1. Buy flowers from a reputable outlet and choose blooms with firm petals or with buds that show a degree of colour to ensure the flowers will develop fully.
2. Ensure the flowers are well wrapped for protection and, if the flowers are to be kept out of water for some hours, ask the florist to cover the stem ends with damp paper or even to "aquapack" them in their own water `pod'.
3. Ask for cut flower food if it is not already supplied. This contains the correct ingredients to a) feed the flowers properly, b) keep bacteria at bay (which blocks the stem and stops water uptake), c) encourage buds to open, d) lengthen the life of the flowers. Snipping the corner off a one-dose sachet and adding it to the vase water is simple and effective - and scientifically tested to make your flowers last longer.
4. Use lukewarm water - there's less oxygen in it and helps prevent air bubbles in the stem that will block water uptake. It also encourages some flowers to open up. The only exception to this is spring bulb flowers like daffodils and tulips, which prefer cold water.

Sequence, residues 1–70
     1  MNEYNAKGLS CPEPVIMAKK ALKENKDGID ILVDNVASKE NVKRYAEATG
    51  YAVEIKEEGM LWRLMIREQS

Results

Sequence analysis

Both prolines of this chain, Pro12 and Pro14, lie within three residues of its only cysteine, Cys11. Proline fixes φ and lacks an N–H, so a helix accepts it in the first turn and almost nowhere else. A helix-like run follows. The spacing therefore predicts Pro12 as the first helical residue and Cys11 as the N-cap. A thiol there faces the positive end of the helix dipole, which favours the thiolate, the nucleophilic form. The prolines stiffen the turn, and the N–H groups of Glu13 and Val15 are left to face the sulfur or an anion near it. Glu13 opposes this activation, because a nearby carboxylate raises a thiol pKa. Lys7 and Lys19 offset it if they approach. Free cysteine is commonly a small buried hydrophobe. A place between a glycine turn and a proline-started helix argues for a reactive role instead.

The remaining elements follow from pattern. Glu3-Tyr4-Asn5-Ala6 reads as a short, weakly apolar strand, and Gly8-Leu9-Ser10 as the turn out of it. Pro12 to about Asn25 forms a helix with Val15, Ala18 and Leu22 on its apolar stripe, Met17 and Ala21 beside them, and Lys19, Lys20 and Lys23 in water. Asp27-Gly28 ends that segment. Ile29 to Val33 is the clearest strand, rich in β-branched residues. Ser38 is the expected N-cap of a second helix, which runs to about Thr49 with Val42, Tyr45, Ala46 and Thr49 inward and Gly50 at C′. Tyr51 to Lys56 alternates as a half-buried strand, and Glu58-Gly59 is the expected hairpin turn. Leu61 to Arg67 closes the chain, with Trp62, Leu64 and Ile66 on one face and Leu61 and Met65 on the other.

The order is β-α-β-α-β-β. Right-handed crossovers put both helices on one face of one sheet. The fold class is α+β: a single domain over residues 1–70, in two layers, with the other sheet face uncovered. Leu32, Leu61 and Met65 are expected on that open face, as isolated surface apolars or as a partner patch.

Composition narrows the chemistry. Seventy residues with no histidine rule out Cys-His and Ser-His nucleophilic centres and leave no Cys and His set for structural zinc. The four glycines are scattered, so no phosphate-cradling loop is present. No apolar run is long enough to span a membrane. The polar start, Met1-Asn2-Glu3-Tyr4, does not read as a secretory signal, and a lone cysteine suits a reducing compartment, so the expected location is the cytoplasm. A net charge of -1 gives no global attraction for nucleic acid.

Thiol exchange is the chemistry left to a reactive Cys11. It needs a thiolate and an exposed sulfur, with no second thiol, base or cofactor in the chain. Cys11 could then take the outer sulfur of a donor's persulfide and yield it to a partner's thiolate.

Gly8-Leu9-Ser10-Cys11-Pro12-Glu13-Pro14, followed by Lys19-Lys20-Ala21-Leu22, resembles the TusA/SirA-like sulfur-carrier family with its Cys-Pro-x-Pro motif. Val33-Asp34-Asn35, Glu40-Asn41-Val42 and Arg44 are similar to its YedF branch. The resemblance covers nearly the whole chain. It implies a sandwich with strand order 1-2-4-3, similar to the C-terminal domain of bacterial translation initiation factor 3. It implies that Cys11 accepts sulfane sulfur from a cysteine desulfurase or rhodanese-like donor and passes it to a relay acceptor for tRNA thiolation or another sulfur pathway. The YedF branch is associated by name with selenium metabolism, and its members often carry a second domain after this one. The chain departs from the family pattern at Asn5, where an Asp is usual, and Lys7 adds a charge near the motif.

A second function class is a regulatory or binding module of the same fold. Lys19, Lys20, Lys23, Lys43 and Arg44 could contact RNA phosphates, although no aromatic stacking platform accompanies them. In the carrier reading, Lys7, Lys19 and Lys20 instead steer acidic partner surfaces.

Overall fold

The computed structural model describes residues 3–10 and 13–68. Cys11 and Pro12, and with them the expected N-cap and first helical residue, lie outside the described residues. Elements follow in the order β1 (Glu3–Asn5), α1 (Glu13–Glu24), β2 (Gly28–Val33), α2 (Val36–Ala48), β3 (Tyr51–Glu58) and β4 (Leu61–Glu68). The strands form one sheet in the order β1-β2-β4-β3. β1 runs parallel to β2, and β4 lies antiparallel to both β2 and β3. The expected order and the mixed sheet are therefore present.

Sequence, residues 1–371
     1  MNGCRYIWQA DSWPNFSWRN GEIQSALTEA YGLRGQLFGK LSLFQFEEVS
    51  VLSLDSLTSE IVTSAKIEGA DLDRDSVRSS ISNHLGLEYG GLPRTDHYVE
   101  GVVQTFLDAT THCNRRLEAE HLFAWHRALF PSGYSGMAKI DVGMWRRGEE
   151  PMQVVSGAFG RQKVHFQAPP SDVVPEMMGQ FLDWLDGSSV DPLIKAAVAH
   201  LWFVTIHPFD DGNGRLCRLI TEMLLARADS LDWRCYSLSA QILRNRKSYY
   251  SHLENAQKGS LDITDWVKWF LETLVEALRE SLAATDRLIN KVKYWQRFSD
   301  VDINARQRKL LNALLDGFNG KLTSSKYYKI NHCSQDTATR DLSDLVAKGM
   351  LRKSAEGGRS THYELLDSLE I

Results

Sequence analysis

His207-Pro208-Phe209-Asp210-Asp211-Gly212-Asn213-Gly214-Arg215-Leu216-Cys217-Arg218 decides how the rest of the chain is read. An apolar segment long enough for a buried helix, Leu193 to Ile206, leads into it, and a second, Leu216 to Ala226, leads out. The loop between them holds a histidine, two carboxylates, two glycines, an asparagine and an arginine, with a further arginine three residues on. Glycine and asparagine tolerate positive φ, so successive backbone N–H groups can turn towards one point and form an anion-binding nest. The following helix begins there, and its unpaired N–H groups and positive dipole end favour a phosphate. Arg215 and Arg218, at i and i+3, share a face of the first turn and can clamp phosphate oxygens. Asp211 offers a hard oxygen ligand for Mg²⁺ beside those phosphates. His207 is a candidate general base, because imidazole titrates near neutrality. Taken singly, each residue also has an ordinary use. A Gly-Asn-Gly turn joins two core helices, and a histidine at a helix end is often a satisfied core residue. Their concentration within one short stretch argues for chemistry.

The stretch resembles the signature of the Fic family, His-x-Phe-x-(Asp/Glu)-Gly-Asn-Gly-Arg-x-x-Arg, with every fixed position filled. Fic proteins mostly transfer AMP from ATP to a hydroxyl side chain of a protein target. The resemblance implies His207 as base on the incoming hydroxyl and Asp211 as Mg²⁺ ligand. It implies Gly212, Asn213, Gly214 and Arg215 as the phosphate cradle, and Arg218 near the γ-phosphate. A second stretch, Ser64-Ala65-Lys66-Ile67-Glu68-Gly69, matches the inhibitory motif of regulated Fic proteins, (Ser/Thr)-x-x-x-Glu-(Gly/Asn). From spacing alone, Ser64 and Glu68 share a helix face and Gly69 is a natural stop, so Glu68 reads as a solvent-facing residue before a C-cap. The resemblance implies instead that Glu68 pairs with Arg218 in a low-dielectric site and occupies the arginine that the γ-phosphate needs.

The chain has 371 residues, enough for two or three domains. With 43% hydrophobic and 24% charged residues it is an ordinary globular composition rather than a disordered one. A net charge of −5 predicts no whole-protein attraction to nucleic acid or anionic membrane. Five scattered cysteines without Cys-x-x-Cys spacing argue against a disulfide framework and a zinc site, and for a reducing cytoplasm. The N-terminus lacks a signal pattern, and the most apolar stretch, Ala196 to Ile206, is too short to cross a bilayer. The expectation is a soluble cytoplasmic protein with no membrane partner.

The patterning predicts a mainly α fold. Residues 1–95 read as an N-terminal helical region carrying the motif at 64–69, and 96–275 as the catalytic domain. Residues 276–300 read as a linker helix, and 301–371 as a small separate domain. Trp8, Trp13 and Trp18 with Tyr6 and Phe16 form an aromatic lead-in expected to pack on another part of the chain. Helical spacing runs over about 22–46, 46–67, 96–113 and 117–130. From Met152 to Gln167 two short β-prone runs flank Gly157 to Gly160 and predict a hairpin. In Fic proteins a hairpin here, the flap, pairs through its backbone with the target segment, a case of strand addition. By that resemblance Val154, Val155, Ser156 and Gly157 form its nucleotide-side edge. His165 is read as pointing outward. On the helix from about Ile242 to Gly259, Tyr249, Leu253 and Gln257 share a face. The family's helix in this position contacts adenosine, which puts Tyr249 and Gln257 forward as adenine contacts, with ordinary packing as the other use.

5. Use thoroughly clean vases - as bacterium kills flowers.
6. Cut stems at an angle. This gives the stem a bigger area to take up more water and stops it resting on the bottom of the vase and sealing itself.
1. Smash or pierce the stems or use blunt scissors, as this destroys the water vessels and inhibits water uptake and causes bacteria to multiple more quickly and over a larger area. It also causes the flower undue stress that shortens its life.
2. Mix daffodils and narcissi with other flowers. They emit latex from their stems when cut, which is known as `daffodil slime', and shortens the life of other flowers. Keep daffodils alone in vases or use the special bulb cut flower food that makes them safe to mix with other flowers. You can place the daffodils in a bucket of water for at least 12 hours alone.
Then arrange them with other flowers, making sure you do not cut the stem again.
3. Put flowers near ripening fruit – it releases tiny amounts of ethylene gas that prematurely ages flowers. Dying flowers do the same, so always remove them from the vase.
4. Place flowers in a draught, which chills the flowers or in bright sunlight that encourages bacteria to breed. Keep them away from over-warm central heating.
5. Put copper coins, aspirin, lemonade, or bleach in the water. They're popular tricks but they don't work and they can't feed your flowers adequately. Homemade formulas are messy, time-consuming and do more harm than good.